[This is the second in a series of articles exploring the history of the naming of the streets in the Sunnyside District in San Francisco. Read the first one here. Below is a shortened version of this article— the complete article available as a PDF download can be found here.]
Sunnyside street signs. Photo: Amy O’Hair
The role that big brewery money played in Sunnyside’s beginning in 1890 has yet to be completely told, as many of the traces have been obscured over the years. It is not surprising that brewery profits helped establish the neighborhood; from the year of the Gold Rush onward, many German immigrants who came to San Francisco brewed beer, and their businesses thrived, accumulating hefty capital. New techniques like steam beer were even developed especially for the California climate.
Some of the money invested in the new neighborhood came from a spate of brewery take-overs that happened shortly before the neighborhood’s birth. Foreign investors paid cash up front for many of San Francisco’s established firms. This left brewery owners or their sons with substantial piles of money, scouting for places to invest it.
Ad for Sunnyside real estate, San Francisco Call, 27 May 1891. Strangely devoid of pesky hills.
For anyone with cash to spare in the 1880s and 90s, San Francisco real estate was an irresistible opportunity—the newest way to bring forth gold from dirt. Several brewery men speculated on Sunnyside real estate, getting their family names, or the names of places in Germany they came from, used for the newly laid out streets.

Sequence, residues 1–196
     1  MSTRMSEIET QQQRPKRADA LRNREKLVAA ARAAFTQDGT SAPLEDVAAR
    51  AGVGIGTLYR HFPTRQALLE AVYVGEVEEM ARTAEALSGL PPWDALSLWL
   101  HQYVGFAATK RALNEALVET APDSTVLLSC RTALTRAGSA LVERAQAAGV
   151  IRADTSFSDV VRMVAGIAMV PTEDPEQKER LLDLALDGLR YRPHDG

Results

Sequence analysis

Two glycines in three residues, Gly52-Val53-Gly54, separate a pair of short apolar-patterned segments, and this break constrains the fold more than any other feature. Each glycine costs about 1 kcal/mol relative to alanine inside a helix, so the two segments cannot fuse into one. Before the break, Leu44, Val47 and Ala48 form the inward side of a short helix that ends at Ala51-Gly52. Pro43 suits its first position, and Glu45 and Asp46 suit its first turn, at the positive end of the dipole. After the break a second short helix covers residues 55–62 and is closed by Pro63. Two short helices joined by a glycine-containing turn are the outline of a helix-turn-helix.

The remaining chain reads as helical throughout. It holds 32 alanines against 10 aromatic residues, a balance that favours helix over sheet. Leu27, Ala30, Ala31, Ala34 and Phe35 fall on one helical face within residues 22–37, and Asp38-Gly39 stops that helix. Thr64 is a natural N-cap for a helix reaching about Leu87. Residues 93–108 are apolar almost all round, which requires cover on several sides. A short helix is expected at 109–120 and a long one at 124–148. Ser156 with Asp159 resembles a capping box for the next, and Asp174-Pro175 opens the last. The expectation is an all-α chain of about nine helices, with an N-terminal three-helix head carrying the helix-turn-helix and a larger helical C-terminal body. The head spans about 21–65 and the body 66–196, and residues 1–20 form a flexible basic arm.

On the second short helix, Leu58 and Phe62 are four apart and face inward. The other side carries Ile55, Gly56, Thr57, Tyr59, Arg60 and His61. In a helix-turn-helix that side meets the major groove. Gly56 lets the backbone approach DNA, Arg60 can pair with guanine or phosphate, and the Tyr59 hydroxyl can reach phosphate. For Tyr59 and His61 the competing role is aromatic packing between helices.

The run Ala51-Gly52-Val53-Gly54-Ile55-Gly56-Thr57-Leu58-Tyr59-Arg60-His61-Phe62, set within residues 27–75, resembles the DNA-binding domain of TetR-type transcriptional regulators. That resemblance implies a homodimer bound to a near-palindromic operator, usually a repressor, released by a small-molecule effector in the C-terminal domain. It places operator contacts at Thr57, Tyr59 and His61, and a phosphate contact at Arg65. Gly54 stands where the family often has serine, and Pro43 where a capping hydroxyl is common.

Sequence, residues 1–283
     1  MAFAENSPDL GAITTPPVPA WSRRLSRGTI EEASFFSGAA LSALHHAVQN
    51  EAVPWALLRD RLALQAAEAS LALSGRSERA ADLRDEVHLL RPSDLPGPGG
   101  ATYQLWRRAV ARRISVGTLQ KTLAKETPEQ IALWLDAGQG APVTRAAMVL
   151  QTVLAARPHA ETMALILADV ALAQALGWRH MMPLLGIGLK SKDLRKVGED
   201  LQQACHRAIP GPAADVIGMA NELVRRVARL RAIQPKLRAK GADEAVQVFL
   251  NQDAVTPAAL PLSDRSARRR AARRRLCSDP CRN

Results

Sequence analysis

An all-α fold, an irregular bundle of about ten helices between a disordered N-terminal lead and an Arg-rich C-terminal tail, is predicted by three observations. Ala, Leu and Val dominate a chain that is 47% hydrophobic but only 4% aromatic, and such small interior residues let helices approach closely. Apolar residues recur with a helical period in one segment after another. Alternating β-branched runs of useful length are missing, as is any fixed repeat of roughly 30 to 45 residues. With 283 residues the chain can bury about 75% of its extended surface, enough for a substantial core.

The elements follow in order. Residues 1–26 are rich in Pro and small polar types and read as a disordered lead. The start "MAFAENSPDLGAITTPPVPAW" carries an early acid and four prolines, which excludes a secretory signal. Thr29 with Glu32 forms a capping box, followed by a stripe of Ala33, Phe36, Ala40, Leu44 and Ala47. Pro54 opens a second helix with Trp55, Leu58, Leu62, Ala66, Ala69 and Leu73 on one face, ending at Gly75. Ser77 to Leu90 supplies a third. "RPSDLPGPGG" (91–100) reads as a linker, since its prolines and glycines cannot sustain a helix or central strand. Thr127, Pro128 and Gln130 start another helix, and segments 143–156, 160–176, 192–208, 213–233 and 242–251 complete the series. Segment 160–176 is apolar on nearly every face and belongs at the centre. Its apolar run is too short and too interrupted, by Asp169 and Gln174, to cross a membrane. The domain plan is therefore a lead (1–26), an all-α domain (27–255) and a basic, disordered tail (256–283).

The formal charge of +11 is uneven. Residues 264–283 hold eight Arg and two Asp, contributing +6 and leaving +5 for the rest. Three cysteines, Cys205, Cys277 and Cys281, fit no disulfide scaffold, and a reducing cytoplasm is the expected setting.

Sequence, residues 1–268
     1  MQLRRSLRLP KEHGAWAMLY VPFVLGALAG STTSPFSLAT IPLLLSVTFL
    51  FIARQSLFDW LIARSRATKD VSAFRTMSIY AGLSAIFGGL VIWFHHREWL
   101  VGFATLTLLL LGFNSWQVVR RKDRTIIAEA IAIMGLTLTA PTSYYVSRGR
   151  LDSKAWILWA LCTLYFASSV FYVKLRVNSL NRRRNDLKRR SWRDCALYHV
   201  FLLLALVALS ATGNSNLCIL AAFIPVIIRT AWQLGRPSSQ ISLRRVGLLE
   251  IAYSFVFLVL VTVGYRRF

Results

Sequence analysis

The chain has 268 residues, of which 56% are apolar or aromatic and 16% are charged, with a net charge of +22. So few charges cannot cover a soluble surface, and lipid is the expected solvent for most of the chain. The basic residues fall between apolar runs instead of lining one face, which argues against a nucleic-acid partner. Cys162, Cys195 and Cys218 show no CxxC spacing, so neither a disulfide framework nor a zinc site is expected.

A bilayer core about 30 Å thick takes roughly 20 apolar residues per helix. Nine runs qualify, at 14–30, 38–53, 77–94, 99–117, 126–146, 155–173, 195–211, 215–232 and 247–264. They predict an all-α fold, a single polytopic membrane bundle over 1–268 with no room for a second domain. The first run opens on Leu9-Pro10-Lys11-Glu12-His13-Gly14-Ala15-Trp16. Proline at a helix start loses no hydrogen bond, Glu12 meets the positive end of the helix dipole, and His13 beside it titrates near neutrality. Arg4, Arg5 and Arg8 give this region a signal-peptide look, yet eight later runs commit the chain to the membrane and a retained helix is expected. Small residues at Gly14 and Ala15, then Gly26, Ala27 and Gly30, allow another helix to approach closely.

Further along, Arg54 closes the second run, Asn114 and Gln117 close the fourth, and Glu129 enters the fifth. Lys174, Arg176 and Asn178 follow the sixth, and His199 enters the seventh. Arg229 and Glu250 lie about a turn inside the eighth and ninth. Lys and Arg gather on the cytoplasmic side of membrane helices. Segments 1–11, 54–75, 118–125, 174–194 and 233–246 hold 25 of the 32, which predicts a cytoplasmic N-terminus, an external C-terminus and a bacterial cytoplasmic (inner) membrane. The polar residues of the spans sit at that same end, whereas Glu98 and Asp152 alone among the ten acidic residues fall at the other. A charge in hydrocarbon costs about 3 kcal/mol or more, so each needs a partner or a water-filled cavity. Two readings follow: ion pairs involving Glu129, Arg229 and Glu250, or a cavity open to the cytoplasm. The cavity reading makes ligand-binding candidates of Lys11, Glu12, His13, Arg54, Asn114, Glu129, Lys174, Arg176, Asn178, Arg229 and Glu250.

Five of the original Sunnyside streets—Mangels Avenue, Spreckels Avenue, Wieland Avenue, Baden Street, and Hamburg Street—I trace directly to these men. Today, three of those names have been changed, leaving only two remnants of this important element in the story of the neighborhood’s beginnings. Spreckels was changed to Staples Avenue, Wieland to Judson Avenue, and Hamburg to Ridgewood Avenue. For the story of those changes, see Part Four of this series (yet to come). In addition, Edna Street likely to have been named for the beloved daughter of one of these brewery men, Rudolph Mohr, and this will be covered in Part Six of this series (also yet to come).
The Sunnyside Brewery Boys
The owners of three breweries, and several officers of the Brewers’ Protective Association, all German men, are the players in the story Sunnyside’s beginnings. Here’s a summary, before I spin out the various stories:
Robert Wieland. San Francisco Call, 28 May 1893. From Newspapers.com.
► Robert P. Wieland (1861 – 1908): son and heir to the Philadelphia Brewery fortune. This brewery was ranked the top producer in the city. Robert’s father John H. Wieland (1829 – 1885) was from Württemberg, Germany, near Baden. John had died several years before Robert became part of the initial group of Sunnyside investors. Even though the brewery was bought by foreign investors, he remained on the board, and also on the board of Brewers’ Protective Association. Their family name is the source of name of Wieland Avenue, original name of Judson Avenue, changed in 1909.
John Henry Mangels. Photo: Ancestry.com